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G. Ramirez, B. L. Bercaw, D. E. Butcher, H. L. Mathis, C. Brueggemeyer and J. L. Newton, “The Role of Glucose in Hemodialysis: The Effects of Glucose-Free Dialysate,” American Journal of Kidney Diseases, Vol. 7, No. 5, 1986, pp. 413-420.

has been cited by the following article:

  • TITLE: The Effect of Glucose Added to the Dialysis Fluid on Blood Pressure, Vasoactive Hormones and Energy Transfer during Hemodialysis in Chronic Renal Failure

    AUTHORS: Erling B. Pedersen, Birte Ardal, Jesper N. Bech, Thomas G. Lauridsen, Niels A. Larsen, Lisbeth Mikkelsen, Maren Sangill, Ingrid M. Thomsen

    KEYWORDS: Angiotensin, Blood Pressure, Chronic Renal Failure, Diabetes, Dialysis, Dialysis Fluid, Endothelin, Glucagon, Growth Hormone, Hemodialysis, Insulin, Renin

    JOURNAL NAME: Open Journal of Nephrology, Vol.1 No.2, December 23, 2011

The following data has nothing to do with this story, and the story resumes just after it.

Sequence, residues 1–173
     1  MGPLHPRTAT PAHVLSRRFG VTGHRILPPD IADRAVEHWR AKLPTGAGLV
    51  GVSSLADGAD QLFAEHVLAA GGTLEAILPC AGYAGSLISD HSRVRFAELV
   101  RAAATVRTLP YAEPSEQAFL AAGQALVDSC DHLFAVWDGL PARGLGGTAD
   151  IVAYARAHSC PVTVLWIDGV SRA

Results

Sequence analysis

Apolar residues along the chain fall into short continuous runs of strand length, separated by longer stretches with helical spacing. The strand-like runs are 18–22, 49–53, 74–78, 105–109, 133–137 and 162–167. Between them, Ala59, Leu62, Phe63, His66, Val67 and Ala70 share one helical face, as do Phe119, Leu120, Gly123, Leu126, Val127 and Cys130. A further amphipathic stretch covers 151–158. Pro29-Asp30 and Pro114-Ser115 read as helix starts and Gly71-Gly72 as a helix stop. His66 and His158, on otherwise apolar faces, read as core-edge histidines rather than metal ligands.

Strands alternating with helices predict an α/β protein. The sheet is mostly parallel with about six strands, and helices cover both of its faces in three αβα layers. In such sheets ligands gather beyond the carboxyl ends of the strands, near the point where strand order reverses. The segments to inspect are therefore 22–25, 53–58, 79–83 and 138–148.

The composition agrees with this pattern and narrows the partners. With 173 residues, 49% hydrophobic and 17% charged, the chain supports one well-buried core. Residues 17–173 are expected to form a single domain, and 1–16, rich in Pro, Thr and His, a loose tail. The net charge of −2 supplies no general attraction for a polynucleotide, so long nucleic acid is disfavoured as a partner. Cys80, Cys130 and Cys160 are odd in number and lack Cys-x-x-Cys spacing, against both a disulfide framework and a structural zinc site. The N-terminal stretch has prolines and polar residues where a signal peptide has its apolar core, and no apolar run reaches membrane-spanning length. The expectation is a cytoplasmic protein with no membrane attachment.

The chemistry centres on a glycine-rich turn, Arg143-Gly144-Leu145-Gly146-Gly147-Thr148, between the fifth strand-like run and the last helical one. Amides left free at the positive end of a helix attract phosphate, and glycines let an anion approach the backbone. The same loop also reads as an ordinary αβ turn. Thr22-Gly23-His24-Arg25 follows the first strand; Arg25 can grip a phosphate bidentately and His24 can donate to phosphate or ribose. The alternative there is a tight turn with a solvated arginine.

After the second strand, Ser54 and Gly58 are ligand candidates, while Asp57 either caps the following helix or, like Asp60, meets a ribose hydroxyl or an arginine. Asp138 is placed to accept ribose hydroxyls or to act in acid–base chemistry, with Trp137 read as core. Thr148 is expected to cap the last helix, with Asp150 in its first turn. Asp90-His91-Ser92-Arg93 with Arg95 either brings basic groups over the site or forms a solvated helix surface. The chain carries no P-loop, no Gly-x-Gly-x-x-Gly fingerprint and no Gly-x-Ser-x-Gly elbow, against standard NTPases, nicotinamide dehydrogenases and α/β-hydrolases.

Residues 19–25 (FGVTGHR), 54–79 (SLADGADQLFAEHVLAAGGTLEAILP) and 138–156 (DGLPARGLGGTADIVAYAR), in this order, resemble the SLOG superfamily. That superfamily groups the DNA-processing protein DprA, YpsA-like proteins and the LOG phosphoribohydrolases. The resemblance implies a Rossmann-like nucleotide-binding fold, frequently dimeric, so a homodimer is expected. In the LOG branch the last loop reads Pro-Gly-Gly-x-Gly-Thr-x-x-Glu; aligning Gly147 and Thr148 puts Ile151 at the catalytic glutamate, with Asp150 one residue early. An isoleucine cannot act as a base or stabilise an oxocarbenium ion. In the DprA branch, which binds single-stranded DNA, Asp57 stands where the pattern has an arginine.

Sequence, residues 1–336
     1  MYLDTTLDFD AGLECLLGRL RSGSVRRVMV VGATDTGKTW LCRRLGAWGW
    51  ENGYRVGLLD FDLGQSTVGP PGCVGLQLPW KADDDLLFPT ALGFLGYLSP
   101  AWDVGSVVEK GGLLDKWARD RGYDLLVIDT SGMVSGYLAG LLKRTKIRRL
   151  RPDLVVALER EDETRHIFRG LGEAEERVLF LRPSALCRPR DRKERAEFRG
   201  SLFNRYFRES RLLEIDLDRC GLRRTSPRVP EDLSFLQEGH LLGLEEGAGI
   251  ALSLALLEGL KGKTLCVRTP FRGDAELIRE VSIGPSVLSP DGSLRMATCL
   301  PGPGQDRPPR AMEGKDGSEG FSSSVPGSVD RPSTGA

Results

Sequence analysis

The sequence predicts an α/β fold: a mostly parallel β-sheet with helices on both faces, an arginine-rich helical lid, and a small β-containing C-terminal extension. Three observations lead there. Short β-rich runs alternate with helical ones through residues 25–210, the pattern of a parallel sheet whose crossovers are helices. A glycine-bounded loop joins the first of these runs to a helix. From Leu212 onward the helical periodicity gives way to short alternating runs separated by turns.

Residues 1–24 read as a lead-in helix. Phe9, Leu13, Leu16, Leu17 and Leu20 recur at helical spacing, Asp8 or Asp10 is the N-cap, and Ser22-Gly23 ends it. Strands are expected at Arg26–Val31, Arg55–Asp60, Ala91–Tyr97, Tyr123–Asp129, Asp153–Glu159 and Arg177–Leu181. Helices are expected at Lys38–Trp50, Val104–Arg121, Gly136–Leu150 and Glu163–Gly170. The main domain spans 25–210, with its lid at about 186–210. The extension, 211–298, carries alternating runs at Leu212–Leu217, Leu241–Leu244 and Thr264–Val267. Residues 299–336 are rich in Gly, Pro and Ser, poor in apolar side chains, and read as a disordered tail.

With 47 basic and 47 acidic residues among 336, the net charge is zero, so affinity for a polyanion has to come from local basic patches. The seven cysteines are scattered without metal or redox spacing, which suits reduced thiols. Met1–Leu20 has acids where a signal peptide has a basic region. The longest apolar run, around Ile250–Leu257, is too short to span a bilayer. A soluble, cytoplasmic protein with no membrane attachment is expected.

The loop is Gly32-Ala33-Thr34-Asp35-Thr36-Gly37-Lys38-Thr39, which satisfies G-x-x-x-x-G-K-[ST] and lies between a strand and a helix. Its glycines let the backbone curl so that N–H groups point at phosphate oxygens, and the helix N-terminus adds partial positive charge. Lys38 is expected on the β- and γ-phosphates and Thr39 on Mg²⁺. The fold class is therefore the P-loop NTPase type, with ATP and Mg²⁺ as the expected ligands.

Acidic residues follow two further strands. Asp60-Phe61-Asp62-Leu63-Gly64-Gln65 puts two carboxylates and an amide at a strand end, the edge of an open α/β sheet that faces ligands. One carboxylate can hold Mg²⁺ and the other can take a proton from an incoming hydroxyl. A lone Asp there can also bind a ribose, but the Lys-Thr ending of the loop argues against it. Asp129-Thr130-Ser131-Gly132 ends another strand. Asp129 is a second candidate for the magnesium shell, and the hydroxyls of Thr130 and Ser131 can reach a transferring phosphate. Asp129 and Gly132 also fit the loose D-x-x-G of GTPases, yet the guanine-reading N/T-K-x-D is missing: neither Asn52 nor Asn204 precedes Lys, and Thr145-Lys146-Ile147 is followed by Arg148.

ABSTRACT: Background: Previous studies showed that blood pressure was reduced in patients with chronic renal failure during hemodialysis with glucose added to the dialysis fluid. We wanted to test the hypotheses that blood pressure is reduced in non-diabetic and diabetic dialysis patients, when glucose is added to the dialysis fluid, and that blood pressure changes are caused by changes in plasma concentrations of vasoactive hormones or to vasodilation secondary to an increase in body temperature. Methods: The effect of dialysis with glucose added to the dialysis fluid was measured in three randomized, placebo-controlled, un-blinded and cross-over studies with periods of one week duration. In non-diabetic nephropathy (Study 1, n = 19) and diabetic nephropathy (Study 2, n = 15), we measured blood pressure (BP) and pulse rate (PR), plasma concentrations of glucose (p-Glucose), renin (PRC), angiotensin II (p-AngII), endothelin (p-Endot), insulin (p-Ins), glucagon (p-Glu), and human growth hormone (p-hGH). In non-diabetic nephropathy (Study 3, n = 24), we measured the effect of dialysis with glucose added to the dialysis fluid on energy transport from form the body using body temperature control. Results: Study 1 and 2 showed that BP, PRC, p-AngII, and p-Ins were unchanged, whereas P-Endot increased and P-hGH decreased, in dialysis patients with or without glucose added to the dialysis fluid. In diabetics, a marginal increase in p-Glu was measured during dialysis with glucose, but not without glucose. Study 3 showed that SBP increased significantly using dialysis with temperature control of dialysis fluid compared with no temperature control (145 versus 138 mm Hg). In parallel with the increase in SBP, the energy flux from the patients was significantly higher with temperature control than without. Conclusion: In non-diabetics and diabetics, blood pressure was unchanged during dialysis with glucose added to the dialysis fluid in a short-term study. Vasoactive hormones in plasma were changed in the same way independently of glucose in the dialysis fluid. Systolic blood pressure increased using dialysis with temperature control of dialysis fluid, presumably due to vasoconstriction to prevent or antagonize a fall in body temperature.